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. Last Updated: 07/27/2016

Red Tape and Taxes Hinder Plans to Produce Bioethanol

High taxes and bureaucracy are obstructing plans by Russian companies to launch production of bioethanol as a cheaper and environmentally friendly alternative to gasoline, industry and government officials said Tuesday.

They said more than ten Russian companies had announced plans to produce bioethanol from grains, but none of the potential producers was willing to proceed until laws were eased.

"I'm not very optimistic about development of bioethanol production in Russia as the tax component is too big," Grain Union head Arkady Zlochevsky told a bioethanol conference.

Volatile crude oil prices have pushed consumers to use more green fuels from renewable resources. But construction of Russia's first bioethanol plant in Volgograd -- due to begin in spring -- has been postponed.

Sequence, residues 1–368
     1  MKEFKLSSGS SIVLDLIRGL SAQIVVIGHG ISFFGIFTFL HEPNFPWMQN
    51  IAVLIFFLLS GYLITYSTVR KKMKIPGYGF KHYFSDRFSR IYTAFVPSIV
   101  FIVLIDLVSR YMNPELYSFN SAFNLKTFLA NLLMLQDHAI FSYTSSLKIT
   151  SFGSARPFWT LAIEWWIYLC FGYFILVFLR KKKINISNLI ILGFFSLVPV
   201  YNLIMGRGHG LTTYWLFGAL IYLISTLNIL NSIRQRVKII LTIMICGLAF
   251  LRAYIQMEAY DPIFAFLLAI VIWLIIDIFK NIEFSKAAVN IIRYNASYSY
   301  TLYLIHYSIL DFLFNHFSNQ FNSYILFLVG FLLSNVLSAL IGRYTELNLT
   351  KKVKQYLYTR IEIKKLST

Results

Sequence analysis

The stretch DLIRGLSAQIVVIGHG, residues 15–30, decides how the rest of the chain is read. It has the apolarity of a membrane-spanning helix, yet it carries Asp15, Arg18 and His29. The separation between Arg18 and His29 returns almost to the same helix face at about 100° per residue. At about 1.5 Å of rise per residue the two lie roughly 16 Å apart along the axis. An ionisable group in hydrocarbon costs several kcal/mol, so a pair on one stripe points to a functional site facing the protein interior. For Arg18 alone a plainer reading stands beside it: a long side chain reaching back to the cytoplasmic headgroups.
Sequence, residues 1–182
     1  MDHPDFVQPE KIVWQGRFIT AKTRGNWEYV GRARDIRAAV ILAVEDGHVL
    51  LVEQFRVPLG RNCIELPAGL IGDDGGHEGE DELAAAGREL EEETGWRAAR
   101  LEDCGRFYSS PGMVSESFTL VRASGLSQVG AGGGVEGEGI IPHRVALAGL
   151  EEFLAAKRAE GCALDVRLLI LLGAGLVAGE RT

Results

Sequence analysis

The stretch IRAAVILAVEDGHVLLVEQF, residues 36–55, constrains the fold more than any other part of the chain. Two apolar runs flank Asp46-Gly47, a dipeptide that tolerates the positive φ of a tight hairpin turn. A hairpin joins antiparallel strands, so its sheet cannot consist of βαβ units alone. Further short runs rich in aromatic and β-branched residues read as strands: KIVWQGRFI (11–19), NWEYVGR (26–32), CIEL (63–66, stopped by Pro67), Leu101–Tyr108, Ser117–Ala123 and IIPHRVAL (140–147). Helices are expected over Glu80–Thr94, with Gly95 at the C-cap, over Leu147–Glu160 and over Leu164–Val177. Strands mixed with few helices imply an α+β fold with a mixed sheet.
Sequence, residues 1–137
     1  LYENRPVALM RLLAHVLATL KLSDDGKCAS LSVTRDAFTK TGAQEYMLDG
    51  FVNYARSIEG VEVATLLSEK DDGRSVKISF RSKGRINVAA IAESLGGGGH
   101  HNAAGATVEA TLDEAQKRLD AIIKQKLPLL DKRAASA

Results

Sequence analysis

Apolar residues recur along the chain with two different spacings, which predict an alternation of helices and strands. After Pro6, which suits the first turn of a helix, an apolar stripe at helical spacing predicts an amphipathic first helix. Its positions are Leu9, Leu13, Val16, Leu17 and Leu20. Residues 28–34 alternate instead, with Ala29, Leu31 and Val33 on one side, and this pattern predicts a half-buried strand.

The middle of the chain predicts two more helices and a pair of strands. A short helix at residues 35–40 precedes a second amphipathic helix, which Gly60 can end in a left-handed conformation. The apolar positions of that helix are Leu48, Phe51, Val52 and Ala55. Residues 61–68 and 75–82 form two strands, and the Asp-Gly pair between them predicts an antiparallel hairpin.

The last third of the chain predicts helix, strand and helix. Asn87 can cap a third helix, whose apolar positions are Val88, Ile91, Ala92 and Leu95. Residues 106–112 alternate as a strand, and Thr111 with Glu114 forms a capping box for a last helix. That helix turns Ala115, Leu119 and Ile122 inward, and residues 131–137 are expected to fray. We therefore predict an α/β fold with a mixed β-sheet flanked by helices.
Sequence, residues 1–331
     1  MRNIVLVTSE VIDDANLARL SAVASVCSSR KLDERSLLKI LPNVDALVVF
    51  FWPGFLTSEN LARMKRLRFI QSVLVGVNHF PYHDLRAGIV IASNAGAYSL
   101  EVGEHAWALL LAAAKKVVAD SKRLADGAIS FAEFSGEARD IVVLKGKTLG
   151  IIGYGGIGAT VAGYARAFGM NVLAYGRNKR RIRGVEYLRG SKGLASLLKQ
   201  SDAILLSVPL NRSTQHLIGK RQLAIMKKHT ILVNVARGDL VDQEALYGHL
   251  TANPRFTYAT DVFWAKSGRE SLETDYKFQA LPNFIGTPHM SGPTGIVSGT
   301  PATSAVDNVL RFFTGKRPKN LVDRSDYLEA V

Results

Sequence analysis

"Construction has been put on hold until we see some legislative changes in six to seven months," said Andrei Sredny, head of projects and investments at VIPOIL, the company managing the Volgograd project. "Oil companies want us to export bioethanol. But we don't want the government to accuse us of supporting producers in Poland, Germany or elsewhere and not Russian producers."

Were Russia to have 5 percent biofuel in overall gasoline production, demand for bioethanol would be 1.25 million tons by 2010, said Nikolai Sorokin, deputy head of a department in the Agriculture Ministry, told the conference.

An increase in area sown to sorghum, maize and wheat would enable the country to produce 6-7 million tons of bioethanol by then. Sorokin declined to forecast how much would actually be produced.